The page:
We need to learn how to lament to turn our sorrow to joy. Let me briefly highlight the four elements of lament so that the next time grief enters your world, you’ll know how to walk the path toward trusting praise.

1. Turn to God

Unfortunately, pain creates a strong temptation to give God the silent treatment. Confusion, exhaustion and disappointment can cause us to retreat from the One who knows our sorrows. Even worse, we can allow the poisonous mist of bitterness or anger to sweep in, creating a fog of unbelief.

Lament talks to God about our pain even if it’s messy. It takes faith to lament. Silence is easier but unhealthy. Lament draws upon what we believe, and it talks to God as we walk through hardship. Consider the gut-level honesty of Psalm 77.

I cried out to God for help;
I cried out to God to hear me.
When I was in distress, I sought the Lord;
at night I stretched out untiring hands,
and I would not be comforted.
I remembered you, God, and I groaned.
I meditated, and my spirit grew faint. (Psalm 77:1-3)

Even though comfort feels distant and God seems far away, the psalmist reaches out to God. Laments invite us to do the same—to keep crying out in prayer through the ups and downs of hardship.

2. Complain

The second step in lament is candidly talking to God about what is wrong. Biblical complaint vocalizes circumstances and feelings that do not seem to fit with God’s character or His purposes. While the psalmist knows God is in control, there are times when it feels as if He’s not. When it seems that God’s purposes aren’t loving, lament invites us to talk to God about it.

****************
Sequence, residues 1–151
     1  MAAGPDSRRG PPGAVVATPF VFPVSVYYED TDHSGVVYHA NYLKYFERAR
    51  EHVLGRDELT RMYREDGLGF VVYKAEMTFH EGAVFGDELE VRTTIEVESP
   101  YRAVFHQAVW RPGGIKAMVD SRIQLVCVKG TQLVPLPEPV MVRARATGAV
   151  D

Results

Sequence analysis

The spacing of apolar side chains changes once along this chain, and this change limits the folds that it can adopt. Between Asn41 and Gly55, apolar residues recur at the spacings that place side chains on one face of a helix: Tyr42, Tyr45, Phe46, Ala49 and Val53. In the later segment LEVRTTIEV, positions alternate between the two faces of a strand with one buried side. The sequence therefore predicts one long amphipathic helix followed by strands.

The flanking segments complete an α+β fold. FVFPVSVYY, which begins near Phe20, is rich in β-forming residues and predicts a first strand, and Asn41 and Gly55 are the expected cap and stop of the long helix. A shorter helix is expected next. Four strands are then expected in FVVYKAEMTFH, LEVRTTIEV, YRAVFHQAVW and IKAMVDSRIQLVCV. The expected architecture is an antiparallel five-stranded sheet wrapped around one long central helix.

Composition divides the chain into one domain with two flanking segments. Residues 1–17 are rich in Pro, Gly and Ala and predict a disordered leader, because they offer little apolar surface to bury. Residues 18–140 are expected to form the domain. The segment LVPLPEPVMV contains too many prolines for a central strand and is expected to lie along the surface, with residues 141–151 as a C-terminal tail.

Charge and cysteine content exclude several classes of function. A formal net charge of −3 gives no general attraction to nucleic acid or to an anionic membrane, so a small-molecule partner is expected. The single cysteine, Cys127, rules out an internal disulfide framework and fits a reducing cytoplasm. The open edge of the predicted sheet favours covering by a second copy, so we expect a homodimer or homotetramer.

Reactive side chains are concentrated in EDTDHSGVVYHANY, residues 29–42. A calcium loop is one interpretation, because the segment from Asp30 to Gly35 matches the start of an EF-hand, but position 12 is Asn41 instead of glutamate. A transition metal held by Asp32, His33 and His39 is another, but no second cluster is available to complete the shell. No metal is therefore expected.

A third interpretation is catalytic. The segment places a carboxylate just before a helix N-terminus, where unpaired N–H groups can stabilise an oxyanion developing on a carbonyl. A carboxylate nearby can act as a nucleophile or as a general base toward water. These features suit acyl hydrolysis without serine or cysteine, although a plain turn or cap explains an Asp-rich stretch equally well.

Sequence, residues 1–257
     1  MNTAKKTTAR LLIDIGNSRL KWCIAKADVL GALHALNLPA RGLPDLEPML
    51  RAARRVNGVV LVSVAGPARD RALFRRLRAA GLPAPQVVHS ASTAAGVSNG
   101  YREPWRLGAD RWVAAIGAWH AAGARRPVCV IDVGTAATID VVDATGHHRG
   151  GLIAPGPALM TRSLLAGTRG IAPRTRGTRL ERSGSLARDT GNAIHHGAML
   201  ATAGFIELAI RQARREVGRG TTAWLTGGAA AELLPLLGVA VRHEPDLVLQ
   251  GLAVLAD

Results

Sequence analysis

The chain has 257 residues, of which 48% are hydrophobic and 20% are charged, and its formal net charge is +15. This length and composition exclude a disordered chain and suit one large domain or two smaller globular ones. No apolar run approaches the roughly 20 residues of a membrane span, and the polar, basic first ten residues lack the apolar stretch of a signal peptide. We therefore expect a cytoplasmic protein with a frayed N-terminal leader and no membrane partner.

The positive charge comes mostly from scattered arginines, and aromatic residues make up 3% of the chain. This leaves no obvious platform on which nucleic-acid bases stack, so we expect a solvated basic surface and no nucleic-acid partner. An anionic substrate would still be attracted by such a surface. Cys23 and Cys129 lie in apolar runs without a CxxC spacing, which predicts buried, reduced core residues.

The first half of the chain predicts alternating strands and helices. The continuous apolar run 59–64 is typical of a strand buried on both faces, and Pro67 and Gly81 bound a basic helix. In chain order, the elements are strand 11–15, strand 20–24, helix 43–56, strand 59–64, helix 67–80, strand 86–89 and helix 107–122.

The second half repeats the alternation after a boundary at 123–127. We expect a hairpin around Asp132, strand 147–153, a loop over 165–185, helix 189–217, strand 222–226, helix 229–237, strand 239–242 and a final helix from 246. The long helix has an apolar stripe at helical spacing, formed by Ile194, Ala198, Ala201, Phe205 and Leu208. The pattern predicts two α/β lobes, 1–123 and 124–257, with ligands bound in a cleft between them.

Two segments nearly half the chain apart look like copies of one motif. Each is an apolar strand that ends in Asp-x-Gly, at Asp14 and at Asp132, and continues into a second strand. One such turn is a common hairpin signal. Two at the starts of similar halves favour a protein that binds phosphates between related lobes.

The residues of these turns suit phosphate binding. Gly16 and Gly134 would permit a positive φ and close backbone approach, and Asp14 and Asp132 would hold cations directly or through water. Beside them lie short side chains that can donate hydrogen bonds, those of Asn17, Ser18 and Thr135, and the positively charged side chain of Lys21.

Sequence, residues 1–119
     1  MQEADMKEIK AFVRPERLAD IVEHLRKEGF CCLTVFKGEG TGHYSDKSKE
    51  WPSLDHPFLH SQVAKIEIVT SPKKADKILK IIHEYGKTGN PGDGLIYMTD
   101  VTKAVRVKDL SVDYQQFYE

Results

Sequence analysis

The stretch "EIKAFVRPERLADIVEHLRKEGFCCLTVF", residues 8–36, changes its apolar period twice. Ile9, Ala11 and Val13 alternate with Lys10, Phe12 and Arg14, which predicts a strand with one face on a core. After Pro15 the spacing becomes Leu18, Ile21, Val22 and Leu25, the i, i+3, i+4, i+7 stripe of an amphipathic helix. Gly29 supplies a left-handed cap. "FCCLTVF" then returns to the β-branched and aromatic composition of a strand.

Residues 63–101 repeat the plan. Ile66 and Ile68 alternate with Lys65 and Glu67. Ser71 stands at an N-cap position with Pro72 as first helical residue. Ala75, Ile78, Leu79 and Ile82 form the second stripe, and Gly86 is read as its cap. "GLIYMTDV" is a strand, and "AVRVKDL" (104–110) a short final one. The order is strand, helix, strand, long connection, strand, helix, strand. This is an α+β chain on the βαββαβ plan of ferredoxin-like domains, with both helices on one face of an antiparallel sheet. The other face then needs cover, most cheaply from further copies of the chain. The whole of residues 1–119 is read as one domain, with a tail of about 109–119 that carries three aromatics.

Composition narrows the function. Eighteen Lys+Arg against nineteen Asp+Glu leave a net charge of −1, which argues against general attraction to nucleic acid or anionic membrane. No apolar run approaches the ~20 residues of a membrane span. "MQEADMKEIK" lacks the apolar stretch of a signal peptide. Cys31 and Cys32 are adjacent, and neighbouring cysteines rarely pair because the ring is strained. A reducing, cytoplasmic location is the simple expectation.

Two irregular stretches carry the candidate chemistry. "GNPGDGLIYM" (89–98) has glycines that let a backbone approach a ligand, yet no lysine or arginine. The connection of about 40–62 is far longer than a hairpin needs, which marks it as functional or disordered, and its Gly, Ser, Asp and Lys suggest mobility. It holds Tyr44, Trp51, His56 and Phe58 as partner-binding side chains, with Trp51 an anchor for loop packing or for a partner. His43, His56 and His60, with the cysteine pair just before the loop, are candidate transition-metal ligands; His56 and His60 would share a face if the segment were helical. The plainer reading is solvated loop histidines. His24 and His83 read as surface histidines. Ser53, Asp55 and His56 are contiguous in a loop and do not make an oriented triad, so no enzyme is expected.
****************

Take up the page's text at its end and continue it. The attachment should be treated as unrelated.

Instead of hiding our struggles, lament gives us permission to verbalize the tension. Psalm 13 begins this way. The psalmist wrestles with why God isn’t doing more.

How long, O Lord? Will you forget me forever?
How long will you hide your face from me?
How long must I wrestle with my thoughts
and day after day have sorrow in my heart?
How long will my enemy triumph over me? (Psalm 13:1-2)

Biblical complaining is not venting your sinful anger toward God. It’s merely telling God about your struggles. And the more honest we can be, the sooner we are able to move to the next element.

3. Ask boldly

Christians lament because the events of life seem to be incompatible with God’s promises. Lament not only acknowledges this tension, but it invites struggling believers to keep calling upon God to act. But lament seeks more than relief; it yearns for God to bring the deliverance that fits with His character. Godly lamenters keep asking even when the answer is delayed.

Look on me and answer, Lord my God.
Give light to my eyes, or I will sleep in death,
and my enemy will say, “I have overcome him,”
and my foes will rejoice when I fall. (Psalm 13:3-4)

Lament affirms the applicability of God’s promises by asking again and again for divine help. In so doing, these requests become hopeful reminders of what God can do. Asking boldly serves to strengthen our resolve to not give up. But it also encourages us to embrace the destination of all lament: trusting God.

4. Trust God

Renewed confidence in God’s trustworthiness is the destination of all laments. Turning, complaining, and asking lead here. Laments help us through suffering by directing our hearts to make the choice—often daily—to trust in God’s purposes that are hidden behind the pain. In this way, laments are some of the most theologically informed activities of the Christian life.

Laments lead us through our sorrows so that we can trust God and praise Him.

This is how Psalm 13 concludes. Notice the pivot on the word “but” and the direct decision to trust, rejoice, and sing.

But I trust in your unfailing love;
my heart rejoices in your salvation.
I will sing the Lord’s praise,
for he has been good to me. (Psalm 13:5-6)